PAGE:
Though De La Hoya insists that he now intends to manage himself, he also says he will be advised by his father, Joel, by a cousin, Gerardo Salas, and by L.A.-based advertising consultant Raynaldo Garza. Nelson and Mittleman have filed a $10 million interference-with-contract suit against Garza and Salas.
In all likelihood the Oscar express will roll on because boxing clearly needs bankable heroes. The cast will disappear from De La Hoya's hand, Mittleman and Nelson will get a settlement, HBO will sign its new star, and next spring De La Hoya will fight for a title. Whether the Golden Boy image will survive is another question.
Philadelphia entrepreneur Pete Klamka has created a line of 14 colognes, each designed to evoke a famous college sports program. The Florida State scent, for example, is "rugged, athletic, spicy," while the Alabama scent, according to Klamka, is "Southern and spicy." A Michigan grad, Klamka claims that the Wolverine fragrance "smells like 175 years of academic and athletic excellence."
Nevada-Las Vegas is among Klamka's choices too, which leads us to wonder: What does a few years of NCAA probation smell like?
The golf world, which recently lost Heather Farr to cancer (SI, Nov. 29), was further shaken last week by the news that Paul Azinger (below) has malignant lymphoma in his right shoulder. The timing seemed particularly cruel considering that 1993, which included a victory at the PGA Championship, was the finest year of Azinger's career.
Fortunately the prognosis for Azinger's recovery is good. The malignancy is in a small portion of bone rather than in the soft tissue that lymphoma normally attacks. The cure rate for lymphoma in bone is about 90%.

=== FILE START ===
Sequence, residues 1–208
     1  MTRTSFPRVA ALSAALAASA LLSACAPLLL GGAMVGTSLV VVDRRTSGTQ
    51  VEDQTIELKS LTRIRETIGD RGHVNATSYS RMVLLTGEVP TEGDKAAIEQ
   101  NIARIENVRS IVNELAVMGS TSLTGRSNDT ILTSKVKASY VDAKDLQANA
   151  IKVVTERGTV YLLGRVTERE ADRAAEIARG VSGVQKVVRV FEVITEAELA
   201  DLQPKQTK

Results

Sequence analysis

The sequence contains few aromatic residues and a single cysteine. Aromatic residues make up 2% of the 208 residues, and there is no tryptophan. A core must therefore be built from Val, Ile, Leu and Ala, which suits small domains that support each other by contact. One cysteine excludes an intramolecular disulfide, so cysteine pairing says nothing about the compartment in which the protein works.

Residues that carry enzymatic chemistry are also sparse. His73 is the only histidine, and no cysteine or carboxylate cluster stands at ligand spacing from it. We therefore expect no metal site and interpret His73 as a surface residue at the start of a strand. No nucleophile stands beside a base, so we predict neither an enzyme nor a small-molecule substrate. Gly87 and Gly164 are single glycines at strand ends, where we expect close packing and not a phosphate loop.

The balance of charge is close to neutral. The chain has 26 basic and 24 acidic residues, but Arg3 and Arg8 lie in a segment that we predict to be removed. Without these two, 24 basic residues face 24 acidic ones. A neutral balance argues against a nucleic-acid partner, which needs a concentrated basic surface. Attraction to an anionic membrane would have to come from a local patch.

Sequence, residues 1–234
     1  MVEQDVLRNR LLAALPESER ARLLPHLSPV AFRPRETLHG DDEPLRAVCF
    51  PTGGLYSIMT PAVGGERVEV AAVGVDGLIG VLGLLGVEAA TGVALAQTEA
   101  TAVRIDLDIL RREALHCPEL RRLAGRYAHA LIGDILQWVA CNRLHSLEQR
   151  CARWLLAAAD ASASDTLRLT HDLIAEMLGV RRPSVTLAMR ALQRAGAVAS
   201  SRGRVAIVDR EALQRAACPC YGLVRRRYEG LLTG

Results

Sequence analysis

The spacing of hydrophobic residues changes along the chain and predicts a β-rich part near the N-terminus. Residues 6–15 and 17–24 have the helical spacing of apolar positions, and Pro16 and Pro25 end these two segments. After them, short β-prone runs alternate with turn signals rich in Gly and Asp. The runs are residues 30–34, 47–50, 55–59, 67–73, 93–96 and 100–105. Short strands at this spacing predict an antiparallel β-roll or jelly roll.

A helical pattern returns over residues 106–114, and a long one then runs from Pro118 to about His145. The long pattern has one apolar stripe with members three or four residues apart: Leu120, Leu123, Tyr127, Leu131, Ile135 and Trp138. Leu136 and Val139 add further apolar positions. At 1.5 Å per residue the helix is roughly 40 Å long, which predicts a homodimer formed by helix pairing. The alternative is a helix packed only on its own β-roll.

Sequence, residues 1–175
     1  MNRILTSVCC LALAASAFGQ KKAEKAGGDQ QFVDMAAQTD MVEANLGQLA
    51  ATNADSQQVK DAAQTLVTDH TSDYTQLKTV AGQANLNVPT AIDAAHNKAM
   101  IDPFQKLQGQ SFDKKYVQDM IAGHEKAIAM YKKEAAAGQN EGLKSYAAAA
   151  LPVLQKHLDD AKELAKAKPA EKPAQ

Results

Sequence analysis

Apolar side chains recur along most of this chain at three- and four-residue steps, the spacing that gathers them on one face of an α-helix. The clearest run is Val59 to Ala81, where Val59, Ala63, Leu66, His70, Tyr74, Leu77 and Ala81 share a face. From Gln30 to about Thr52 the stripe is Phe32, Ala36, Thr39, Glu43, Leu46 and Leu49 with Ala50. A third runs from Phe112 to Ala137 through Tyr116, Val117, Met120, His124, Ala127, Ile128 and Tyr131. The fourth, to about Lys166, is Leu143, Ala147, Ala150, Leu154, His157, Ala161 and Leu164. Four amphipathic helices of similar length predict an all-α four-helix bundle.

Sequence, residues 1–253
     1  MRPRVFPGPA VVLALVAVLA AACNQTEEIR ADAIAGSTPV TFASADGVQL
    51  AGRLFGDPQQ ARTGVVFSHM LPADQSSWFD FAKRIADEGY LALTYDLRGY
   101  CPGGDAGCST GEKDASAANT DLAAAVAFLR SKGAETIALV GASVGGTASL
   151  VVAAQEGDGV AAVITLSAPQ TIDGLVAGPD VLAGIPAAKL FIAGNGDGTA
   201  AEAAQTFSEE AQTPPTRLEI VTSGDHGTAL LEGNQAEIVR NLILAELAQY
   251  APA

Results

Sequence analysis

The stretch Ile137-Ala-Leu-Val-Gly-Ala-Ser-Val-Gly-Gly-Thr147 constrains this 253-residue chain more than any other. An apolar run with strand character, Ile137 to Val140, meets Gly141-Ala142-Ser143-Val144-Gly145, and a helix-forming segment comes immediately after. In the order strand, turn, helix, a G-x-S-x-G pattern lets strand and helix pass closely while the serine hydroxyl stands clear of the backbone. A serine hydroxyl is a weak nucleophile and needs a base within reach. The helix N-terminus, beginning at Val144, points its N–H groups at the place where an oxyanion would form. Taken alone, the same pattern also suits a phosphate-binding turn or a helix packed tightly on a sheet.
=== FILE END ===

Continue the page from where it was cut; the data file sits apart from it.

Even if Azinger, 33, completely regains his health, there is no guarantee he will be as great a player when he returns. But if he needs inspiration, he can look to two other players. In 1972 a malignant tumor was discovered under Gene Littler's left arm. The growth, along with surrounding muscle and nerves, was surgically removed. Littler returned to the Tour within a year, won five tournaments in the late '70s and still competes on the Senior tour. And the LPGA's Shelley Hamlin won the 1992 Phar-Mor at Inverrary—her first victory since 1978—only seven months after a modified radical mastectomy.
NIKE, INC. (HOPPER)
JOHN BIEVER (AZINGER)
From Michael Jordan to...Dennis Hopper?
Hopper (above), the Olivier of the lunatic fringe, appears in three new Nike television ads that also feature game footage of Troy Aikman, Barry Sanders and Bruce Smith. In the last, a twitchy Hopper, wearing a referee's uniform (why?) and a seedy raincoat (we know why), creeps into a locker room, swipes one of Smith's huge Nikes and smells it.
We shudder to think what audience Nike is going for, but we have a feeling it isn't watching NFL games. Or, more frightening, it is.
But Charo Is Standing By
Perhaps fearing the curse of Michael Jackson, who performed at last January's Super Bowl, at least five big-name performers (Garth Brooks, Billy Joel, Elton John, Paul McCartney and Bruce Springsteen) have turned down the NFL's invitation to headline this season's halftime extravaganza on Jan. 30 at the Georgia Dome.
This Week's Sign That the Apocalypse Is Upon Us
In a tribute to recently deceased Hall of Famers, the official 1993 World Series souvenir scorebook, prepared by Major League Baseball, used a photo of Jackie Robinson to illustrate its Roy Campanella entry.
They Said It
•Bob Lee, U.S. Boxing Association president, on the positive cocaine test that last week dethroned USBA heavyweight champ Mike (the Bounty) Hunter: "I don't want to dump on him while he's down, but we don't want a narcotics user to be a national champion."